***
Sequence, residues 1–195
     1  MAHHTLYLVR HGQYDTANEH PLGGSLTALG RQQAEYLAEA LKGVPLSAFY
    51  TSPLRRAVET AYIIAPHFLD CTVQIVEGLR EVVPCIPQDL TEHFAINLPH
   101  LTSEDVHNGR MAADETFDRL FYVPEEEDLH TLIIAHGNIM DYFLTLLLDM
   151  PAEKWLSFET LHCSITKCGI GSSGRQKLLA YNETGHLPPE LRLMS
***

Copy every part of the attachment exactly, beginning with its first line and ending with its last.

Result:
Sequence, residues 1–195
     1  MAHHTLYLVR HGQYDTANEH PLGGSLTALG RQQAEYLAEA LKGVPLSAFY
    51  TSPLRRAVET AYIIAPHFLD CTVQIVEGLR EVVPCIPQDL TEHFAINLPH
   101  LTSEDVHNGR MAADETFDRL FYVPEEEDLH TLIIAHGNIM DYFLTLLLDM
   151  PAEKWLSFET LHCSITKCGI GSSGRQKLLA YNETGHLPPE LRLMS